Wednesday, March 12, 2008

Take your scripts and commandline apps with you

Interesting thing about environment variables. They can be temporarily altered on a program by program basis. Dos prompts are a fine example of this. And with a program like Console you can wrap up a nifty tweak to the %PATH% variable.
Assuming you have your batches and console apps in one directory(\Data\bin\) you can run a script that would look like this...

:: Pulls drive letter from CD root variable
:: %CD:~0,1%
:: Does a string operation then assigns
@IF %CD:~0,1% EQU D SET USBroot=D:
@IF %CD:~0,1% EQU E SET USBroot=E:
@IF %CD:~0,1% EQU F SET USBroot=F:
@IF %CD:~0,1% EQU G SET USBroot=G:
@IF %CD:~0,1% EQU H SET USBroot=H:

This batch script if ran from console on a usb drive will pull the drive letter from the %CD% environment variable, and through a series of IF statements will set the drive letter based on %USBroot%

Modify the code to suit your USB drives folder hierarchy. And start Console with the following commandline switches:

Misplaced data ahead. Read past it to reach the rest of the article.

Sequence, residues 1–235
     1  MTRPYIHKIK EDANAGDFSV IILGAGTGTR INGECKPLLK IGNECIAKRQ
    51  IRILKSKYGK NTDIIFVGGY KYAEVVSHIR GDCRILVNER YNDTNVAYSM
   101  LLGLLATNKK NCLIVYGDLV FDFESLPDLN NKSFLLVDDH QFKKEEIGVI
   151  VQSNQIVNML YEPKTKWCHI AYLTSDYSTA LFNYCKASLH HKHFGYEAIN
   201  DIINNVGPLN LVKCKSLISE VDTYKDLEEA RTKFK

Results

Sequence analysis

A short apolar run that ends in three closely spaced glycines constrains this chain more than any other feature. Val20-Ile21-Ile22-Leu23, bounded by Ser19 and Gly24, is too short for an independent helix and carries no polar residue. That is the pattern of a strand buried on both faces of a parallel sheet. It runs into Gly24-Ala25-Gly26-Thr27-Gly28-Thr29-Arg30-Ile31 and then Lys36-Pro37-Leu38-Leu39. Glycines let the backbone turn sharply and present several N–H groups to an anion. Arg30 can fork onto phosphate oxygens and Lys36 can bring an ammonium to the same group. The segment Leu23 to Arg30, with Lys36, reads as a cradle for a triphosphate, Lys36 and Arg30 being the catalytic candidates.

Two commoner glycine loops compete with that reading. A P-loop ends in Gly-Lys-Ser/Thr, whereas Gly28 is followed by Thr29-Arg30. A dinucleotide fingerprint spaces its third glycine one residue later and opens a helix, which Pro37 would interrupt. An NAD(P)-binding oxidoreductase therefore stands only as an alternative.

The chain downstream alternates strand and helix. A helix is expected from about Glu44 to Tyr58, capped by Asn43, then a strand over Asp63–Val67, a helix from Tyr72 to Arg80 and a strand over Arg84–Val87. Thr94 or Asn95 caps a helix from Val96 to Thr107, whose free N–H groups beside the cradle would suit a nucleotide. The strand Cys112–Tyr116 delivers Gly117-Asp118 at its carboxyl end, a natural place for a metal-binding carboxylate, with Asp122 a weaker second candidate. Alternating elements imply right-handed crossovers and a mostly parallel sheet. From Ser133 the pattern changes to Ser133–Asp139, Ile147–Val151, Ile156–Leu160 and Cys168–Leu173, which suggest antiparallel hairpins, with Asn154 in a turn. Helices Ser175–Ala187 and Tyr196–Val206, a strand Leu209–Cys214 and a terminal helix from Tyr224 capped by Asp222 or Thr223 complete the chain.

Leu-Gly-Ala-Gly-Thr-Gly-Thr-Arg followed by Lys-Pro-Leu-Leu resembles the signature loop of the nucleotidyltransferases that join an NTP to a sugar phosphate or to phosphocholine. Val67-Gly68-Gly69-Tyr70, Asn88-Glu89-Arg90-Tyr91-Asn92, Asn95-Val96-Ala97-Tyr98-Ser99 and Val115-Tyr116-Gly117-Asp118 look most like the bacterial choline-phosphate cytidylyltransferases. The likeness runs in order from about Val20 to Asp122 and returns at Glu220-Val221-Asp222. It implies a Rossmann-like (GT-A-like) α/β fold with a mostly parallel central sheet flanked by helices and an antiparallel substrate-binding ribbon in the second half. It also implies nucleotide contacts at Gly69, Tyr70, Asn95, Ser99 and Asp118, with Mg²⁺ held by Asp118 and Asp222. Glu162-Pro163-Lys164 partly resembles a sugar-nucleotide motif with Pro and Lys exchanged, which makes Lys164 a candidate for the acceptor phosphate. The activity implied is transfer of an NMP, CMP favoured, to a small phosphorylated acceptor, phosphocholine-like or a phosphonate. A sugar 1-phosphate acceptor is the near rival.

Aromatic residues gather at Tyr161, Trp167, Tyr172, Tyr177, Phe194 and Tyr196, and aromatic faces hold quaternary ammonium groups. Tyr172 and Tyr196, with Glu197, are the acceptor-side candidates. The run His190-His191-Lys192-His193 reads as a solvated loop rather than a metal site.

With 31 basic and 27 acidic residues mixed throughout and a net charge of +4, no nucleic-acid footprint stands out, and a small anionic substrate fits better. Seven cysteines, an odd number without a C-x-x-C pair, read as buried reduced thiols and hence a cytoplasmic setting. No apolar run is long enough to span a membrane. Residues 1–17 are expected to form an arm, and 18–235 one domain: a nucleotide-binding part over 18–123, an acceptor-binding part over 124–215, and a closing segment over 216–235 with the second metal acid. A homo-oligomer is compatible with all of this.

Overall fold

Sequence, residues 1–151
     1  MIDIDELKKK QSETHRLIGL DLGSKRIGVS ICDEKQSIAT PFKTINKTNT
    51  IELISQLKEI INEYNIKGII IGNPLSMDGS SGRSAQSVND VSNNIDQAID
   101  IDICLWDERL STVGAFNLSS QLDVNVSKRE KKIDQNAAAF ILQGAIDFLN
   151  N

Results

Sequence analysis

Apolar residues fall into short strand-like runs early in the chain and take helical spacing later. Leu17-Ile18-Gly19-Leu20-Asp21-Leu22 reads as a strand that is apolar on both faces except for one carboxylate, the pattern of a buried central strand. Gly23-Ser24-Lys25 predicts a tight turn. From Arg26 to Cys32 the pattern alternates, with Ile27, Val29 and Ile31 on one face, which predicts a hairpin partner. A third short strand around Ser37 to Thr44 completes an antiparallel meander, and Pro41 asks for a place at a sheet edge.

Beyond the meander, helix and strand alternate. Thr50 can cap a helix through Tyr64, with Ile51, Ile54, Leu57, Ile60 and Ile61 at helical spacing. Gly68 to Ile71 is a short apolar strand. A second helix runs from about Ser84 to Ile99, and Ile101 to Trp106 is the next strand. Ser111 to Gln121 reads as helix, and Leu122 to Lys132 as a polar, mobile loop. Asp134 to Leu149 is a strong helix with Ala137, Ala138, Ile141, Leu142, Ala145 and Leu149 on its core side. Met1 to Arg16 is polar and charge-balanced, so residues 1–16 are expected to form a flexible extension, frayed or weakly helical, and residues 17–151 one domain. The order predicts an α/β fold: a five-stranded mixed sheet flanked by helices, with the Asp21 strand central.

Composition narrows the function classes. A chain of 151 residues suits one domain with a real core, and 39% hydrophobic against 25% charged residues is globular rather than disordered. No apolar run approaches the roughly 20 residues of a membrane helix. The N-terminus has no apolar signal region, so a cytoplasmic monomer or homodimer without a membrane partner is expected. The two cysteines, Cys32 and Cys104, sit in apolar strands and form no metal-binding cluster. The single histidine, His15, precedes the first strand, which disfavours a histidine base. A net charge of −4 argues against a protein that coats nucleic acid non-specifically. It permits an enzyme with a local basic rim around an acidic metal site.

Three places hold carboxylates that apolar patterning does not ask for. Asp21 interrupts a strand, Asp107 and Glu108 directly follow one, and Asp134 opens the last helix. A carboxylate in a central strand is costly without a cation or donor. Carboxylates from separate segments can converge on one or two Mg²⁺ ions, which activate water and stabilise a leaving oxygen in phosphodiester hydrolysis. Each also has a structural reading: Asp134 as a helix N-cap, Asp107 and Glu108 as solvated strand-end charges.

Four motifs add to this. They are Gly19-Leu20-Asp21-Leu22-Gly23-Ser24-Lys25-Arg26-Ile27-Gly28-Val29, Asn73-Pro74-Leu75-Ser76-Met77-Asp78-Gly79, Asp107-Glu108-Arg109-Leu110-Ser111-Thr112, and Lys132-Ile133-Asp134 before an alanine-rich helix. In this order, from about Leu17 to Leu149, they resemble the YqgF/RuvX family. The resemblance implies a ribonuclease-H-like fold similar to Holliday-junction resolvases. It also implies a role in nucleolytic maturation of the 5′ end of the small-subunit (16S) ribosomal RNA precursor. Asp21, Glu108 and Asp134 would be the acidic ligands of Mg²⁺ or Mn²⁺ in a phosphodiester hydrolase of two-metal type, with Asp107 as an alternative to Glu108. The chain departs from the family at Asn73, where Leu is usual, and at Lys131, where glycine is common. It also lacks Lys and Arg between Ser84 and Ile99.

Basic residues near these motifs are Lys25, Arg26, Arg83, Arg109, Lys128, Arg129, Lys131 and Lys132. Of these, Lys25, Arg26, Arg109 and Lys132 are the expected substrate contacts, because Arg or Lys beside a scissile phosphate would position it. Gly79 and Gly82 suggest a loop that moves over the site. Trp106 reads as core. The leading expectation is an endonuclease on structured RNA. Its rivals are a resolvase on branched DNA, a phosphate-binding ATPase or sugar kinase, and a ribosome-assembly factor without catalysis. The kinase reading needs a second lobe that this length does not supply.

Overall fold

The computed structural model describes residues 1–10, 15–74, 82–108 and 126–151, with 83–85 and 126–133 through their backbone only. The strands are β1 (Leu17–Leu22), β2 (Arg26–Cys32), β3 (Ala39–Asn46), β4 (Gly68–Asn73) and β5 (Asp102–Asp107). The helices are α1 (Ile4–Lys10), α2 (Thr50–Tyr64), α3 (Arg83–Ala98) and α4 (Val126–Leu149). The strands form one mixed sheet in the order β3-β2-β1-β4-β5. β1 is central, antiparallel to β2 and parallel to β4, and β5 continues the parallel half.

Console.exe -c "/k \Data\Bin\Drive.bat&CD \"

Which will run the batch script and then bring you to the root directory of the USB drive. If you have Pstart to launch console for you, you'll have to do things this way as well. I tried but apparently regular expressions are not performed by Pstart for setting environment variables. And the %pdrive% variable only works in the general and advanced tabs. But mind not, this is a great fix to a problem that wasn't really that complicated anyway.
Just a not I didn't use Console2(beta), if you do it should be just as easy for you to set it as well.